BC bud still strong and plentiful: RCMP report
Ninety per cent of Canada's marijuana is said to come from BC and Quebec, and the THC level is getting stronger each year. Should we be scared? Proud? Disgusted? Awkward?
OTTAWA -- The production of increasingly potent marijuana continues to flourish in Canada despite a decline in grow-operation seizures in British Columbia over the past four years, the RCMP says.
The national police force's annual report on the illicit drug trade concludes that pot cultivation remains "an evolving and very lucrative" industry.
The Mounties say the involvement of organized crime has significantly expanded the Canadian drug trade, with outlaw motorcycle gangs and Asian groups the reigning kingpins of the marijuana industry.
The report notes crime groups that once specialized in a single drug have branched out into various substances, including popular club drug ecstasy.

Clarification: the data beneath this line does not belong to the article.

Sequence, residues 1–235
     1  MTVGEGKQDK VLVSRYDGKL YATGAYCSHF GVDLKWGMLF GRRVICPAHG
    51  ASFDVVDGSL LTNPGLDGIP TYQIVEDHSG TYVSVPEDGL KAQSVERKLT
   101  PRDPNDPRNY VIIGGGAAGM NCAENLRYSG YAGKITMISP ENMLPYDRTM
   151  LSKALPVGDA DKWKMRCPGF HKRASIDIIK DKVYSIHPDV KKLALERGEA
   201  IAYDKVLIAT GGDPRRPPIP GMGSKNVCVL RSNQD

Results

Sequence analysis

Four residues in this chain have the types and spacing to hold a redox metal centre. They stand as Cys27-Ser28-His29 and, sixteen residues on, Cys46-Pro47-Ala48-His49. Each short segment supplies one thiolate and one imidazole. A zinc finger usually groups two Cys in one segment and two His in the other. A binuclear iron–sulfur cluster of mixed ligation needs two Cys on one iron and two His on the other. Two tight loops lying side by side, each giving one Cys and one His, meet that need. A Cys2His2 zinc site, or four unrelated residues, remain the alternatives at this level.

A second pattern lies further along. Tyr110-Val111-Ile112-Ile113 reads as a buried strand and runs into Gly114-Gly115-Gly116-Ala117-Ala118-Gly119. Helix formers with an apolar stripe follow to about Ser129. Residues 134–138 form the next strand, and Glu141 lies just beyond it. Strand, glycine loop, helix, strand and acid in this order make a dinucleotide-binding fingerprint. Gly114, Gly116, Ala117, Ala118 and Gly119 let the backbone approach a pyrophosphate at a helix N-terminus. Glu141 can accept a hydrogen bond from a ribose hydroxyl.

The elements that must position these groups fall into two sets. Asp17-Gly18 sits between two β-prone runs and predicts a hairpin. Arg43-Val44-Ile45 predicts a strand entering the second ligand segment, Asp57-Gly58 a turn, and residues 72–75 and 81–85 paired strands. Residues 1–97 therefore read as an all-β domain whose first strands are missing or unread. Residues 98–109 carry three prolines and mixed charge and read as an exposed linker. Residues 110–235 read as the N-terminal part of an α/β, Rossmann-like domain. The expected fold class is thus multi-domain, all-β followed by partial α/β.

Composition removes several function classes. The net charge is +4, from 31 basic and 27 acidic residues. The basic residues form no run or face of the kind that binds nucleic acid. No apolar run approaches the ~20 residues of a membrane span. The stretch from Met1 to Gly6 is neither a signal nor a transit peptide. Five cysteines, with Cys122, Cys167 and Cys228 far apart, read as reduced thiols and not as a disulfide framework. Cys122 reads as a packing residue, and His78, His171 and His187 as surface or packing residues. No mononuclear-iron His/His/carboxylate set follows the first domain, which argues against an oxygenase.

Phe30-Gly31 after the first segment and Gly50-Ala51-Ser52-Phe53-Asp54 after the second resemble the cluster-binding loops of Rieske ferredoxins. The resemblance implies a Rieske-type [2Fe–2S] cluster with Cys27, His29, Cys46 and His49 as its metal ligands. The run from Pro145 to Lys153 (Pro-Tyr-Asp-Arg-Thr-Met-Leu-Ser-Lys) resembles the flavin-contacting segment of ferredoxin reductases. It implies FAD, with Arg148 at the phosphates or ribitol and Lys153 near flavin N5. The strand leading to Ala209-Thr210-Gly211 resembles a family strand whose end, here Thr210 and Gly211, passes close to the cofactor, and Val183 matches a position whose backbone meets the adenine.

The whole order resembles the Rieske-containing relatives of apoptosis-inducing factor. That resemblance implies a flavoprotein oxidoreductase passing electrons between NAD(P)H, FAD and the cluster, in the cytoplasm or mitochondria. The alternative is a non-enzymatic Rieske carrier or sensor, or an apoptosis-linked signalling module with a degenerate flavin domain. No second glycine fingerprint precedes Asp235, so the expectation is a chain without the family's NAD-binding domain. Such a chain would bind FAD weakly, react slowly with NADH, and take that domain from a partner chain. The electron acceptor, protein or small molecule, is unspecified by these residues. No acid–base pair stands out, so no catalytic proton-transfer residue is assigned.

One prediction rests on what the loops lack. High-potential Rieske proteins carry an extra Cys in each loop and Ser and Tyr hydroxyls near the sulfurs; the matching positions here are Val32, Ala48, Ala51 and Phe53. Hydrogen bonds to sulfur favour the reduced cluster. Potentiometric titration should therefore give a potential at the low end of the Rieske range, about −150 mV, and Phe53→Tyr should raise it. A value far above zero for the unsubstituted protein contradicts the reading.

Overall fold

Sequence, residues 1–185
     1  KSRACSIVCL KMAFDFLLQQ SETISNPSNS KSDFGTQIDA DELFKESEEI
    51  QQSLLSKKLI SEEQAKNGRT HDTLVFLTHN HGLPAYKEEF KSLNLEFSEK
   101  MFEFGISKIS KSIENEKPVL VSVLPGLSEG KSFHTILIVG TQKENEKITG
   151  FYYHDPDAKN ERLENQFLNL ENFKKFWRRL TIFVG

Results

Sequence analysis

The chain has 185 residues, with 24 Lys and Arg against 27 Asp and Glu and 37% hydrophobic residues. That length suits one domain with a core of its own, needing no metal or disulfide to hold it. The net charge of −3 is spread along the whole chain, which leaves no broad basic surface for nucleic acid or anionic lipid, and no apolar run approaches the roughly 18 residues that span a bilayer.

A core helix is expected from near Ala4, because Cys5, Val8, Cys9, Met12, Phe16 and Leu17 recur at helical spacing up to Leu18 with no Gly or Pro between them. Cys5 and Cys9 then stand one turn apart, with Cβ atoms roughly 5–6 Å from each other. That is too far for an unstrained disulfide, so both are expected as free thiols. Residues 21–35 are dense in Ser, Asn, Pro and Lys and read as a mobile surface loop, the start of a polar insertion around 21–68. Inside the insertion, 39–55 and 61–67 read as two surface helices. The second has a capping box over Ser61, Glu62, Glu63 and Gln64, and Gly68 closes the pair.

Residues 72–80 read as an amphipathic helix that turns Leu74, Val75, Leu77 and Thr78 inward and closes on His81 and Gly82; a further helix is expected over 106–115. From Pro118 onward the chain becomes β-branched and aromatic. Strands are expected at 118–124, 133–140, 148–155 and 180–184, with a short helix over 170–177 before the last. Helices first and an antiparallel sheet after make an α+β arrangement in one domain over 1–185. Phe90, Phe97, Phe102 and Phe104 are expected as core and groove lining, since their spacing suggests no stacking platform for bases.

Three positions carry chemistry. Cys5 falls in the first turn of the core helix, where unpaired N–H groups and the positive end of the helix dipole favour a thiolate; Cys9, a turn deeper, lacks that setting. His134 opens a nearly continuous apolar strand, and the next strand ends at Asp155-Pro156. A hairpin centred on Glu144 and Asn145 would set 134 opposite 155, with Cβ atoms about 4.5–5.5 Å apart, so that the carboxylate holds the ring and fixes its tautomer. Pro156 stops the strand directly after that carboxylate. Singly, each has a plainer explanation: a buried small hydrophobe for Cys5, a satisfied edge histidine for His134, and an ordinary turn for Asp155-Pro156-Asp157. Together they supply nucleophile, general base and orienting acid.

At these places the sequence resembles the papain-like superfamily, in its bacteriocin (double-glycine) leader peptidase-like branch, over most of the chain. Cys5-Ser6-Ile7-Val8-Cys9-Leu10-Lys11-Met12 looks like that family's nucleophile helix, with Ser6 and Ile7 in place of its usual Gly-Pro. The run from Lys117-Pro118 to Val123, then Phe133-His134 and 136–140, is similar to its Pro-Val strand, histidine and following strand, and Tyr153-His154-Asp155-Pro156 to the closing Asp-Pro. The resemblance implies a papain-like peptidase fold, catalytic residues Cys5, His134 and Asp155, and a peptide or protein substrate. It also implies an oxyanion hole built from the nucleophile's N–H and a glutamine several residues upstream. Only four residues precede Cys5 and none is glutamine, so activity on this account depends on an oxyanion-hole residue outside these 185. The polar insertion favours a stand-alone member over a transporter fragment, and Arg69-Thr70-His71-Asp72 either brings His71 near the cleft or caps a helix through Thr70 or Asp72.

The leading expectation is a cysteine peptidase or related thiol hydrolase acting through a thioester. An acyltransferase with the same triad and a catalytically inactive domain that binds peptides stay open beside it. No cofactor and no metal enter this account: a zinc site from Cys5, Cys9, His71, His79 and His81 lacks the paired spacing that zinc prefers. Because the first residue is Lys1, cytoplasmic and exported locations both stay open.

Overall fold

Based on seizure data for 2006, Canadian police prevented an estimated $2.3-billion in drugs from reaching the streets. The report suggests, however, that may represent between just 5 and 20 per cent of the total amount of illegal drugs in Canada.
About 90 per cent of Canadian-grown marijuana is produced in British Columbia, Ontario and Quebec.
The average level of THC - the active ingredient in pot - in Canadian marijuana increased to 10.25 per cent in 2006 from 9.96 per cent the previous year.
Money from the sale of Canadian marijuana in the U.S. financed other illegal activities, including the purchase of cocaine and guns that were later smuggled into Canada, the report adds.
Both rural and urban properties were purchased by criminal groups last year for the sole purpose of cultivating marijuana.
The RCMP says budder, a highly potent cannabis derivative, appears to becoming more popular.
Users place the drug on a heated knife or coin and inhale the resulting smoke.